A drug under development for rare forms of epilepsy has shown an ability to reduce the frequency of seizures, according to two clinical studies.

New York-based Ovid Therapeutics said Wednesday that results from ARCADE, its Phase II pilot study of the drug soticlestat, and the ENDYMION study showed reduced frequency of seizures over time in patients with CDKL5 deficiency disorder, or CDD, and Dup15q syndrome, two rare forms of epilepsy.

Shares of Ovid (Nasdaq: OVID) rose 8.5% on the Nasdaq from their Wednesday closing price by mid-day trading Thursday and were still up by more than 4.5% in the early afternoon.

The two studies included 12 patients with CDD and eight with Dup15q, both of which are highly refractory rare types of epilepsy that have no approved treatment options. ARCADE is an open-label signal-finding pilot study, while ENDYMION is a long-term extension study. Ovid is developing soticlestat, a cholesterol 24-hydroxylase inhibitor, in a partnership with Japanese drugmaker Takeda Pharmaceutical.

The data from the two studies showed that in CDD, there was a median reduction in motor seizure frequency by 24% during the 12-week maintenance period in ARCADE, which in ENDYMION increased to a 50% reduction among the five patients who were treated for nine months. In Dup15q, ARCADE showed an increase in the median frequency of motor seizures during the 12-week maintenance period, but longer-term data on four Dup15q patients treated continuously for nine months showed a reduction by 74%.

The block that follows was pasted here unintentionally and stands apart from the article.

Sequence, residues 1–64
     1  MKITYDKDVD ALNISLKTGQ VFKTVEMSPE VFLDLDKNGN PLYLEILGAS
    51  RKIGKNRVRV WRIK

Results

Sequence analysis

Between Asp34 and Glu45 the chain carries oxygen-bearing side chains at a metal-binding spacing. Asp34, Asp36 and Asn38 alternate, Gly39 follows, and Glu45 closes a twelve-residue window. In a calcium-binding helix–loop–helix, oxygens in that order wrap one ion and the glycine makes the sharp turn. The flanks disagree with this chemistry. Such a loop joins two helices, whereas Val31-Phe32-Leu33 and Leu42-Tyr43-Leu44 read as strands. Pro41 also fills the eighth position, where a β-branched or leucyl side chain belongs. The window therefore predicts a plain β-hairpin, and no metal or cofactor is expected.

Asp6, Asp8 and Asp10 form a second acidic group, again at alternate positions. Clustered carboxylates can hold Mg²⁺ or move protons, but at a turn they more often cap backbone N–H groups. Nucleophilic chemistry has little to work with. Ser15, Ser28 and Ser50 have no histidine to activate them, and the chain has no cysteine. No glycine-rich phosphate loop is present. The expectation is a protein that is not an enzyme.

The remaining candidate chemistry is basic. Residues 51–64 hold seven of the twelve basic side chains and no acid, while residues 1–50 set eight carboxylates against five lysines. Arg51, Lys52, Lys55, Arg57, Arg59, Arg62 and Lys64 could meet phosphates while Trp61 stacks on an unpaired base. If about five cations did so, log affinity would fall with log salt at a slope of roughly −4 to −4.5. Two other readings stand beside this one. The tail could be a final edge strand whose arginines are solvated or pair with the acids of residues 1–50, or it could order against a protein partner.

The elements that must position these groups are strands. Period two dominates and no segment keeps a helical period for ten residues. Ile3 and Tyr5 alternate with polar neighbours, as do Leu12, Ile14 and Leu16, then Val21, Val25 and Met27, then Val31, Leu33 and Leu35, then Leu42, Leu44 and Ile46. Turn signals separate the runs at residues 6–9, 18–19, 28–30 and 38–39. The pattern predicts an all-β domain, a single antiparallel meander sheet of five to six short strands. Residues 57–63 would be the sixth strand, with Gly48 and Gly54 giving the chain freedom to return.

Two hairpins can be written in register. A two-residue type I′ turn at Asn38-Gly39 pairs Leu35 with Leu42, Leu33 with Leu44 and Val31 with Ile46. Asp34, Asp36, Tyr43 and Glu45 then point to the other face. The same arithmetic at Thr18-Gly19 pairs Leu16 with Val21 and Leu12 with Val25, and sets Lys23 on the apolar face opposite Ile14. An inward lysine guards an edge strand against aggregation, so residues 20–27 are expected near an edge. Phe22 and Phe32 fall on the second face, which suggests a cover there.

“Anti-epileptic drugs can lose efficacy over time,” said Dr. Scott Demarest, assistant professor of pediatrics and neurology at the University of Colorado, in a statement on behalf of Ovid. “Soticlestat may produce acute and long-term antiseizure effects in addition to potential improvements outside of motor seizure frequency reduction, as suggested by clinical global impression scales.”

Soticlestat, also known as OV935 and TAK-935, is additionally in Phase II development for Dravet syndrome, another severe form of epilepsy, as well as Lennox-Gastaut syndrome.

Photo: Michail_Petrov-96, Getty Images

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